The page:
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Paul Doiron is the author of the Mike Bowditch series of crime novels. The series—which Paul prefers to call a “saga” based on the importance he places on narrative continuity—tells the story a young Maine game warden who appears in the first book, THE POACHER’S SON, as the emotionally damaged son of an abusive and estranged father and evolves personally and professionally from novel to novel. “I always have it in my head,” Paul says, “that I’m writing the biography of this man who is struggling to overcome his past and become the hero other people believe he can yet be.” Paul Doiron grew up in Scarborough, Maine and attended Cheverus High School in Portland before enrolling in and graduating from Yale College. He was the longtime editor in chief of “Down East: the Magazine of Maine,” and is certified by the state as a professional Maine Guide, specializing in fly fishing. He lives on the Maine midcoast and is lucky to have a river in his backyard where he can catch trout after a long day of writing. His wife is the award-winning poet Kristen Lindquist, author of TOURISTS IN THE KNOWN WORLD. Please visit him at www.pauldoiron.com.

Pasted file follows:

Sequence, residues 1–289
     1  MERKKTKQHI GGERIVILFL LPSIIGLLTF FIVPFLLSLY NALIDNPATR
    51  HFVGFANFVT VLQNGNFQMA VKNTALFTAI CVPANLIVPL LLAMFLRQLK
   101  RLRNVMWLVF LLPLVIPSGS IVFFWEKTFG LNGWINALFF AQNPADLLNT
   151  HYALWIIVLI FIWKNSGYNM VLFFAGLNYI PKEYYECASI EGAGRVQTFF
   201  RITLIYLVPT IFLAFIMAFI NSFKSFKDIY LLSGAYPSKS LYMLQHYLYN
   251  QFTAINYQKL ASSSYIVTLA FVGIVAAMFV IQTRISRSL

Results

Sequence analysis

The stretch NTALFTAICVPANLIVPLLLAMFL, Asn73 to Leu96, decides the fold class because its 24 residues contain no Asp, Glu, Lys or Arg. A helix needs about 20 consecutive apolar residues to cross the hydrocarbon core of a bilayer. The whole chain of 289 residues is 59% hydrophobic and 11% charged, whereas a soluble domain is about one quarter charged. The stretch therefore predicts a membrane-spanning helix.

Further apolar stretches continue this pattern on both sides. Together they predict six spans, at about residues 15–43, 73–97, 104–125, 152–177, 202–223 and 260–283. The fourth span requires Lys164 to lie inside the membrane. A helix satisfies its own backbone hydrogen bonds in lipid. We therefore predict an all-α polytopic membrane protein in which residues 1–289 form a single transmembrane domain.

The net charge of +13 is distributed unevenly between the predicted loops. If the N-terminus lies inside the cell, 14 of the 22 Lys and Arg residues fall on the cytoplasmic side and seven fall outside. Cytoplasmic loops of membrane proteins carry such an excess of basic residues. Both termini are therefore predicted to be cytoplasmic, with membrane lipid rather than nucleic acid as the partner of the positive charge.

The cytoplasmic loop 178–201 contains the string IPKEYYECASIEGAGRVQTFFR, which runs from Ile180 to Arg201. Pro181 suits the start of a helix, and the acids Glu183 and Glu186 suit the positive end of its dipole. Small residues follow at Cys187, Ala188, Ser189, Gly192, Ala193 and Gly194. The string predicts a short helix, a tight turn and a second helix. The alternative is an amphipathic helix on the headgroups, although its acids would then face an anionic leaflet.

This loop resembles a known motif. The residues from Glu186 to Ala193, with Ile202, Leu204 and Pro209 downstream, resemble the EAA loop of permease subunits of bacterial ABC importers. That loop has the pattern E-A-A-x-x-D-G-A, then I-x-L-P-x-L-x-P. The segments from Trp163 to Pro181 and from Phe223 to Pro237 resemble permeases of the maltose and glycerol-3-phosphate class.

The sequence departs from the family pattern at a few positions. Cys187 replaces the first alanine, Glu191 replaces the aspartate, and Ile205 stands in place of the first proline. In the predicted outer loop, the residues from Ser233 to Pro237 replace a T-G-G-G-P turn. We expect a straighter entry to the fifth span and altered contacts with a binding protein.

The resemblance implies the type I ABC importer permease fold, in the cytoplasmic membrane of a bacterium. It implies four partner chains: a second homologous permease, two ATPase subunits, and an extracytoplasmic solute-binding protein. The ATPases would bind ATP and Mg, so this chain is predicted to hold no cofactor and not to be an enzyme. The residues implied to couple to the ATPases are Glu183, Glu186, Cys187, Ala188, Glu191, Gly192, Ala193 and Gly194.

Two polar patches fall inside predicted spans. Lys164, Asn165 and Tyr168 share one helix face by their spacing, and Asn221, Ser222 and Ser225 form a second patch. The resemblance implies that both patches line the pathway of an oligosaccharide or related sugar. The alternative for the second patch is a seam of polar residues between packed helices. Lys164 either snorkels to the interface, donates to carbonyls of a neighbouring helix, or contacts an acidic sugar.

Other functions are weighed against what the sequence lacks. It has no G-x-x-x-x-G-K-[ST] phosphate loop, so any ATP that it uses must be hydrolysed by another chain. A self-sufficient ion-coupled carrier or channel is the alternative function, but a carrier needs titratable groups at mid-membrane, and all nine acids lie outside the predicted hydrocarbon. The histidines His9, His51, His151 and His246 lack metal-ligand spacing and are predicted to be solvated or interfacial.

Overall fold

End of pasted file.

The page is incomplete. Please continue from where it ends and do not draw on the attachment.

Now on with our interview!

Question:

 

Answer:

1. Please explain to aspiring authors and booksellers just how much work is required, even as a traditionally published bestselling author, to maintain your level of success?

 

Whenever I talk to aspiring authors, I always emphasize the importance of two things: perseverance and luck. In a way, perseverance is the easier is subject because it seems attainable. The idea that if you just outwork everyone else you will succeed. And there’s a lot of truth in that. But luck is the element that makes publishing success alchemy instead of chemistry. Like it or not, you need a little magic to hit the bestseller lists that matter, which are the ones that cause more stores and libraries to order your book.

2. What's the biggest mistake you've seen bookstores make? And how would you suggest fixing it?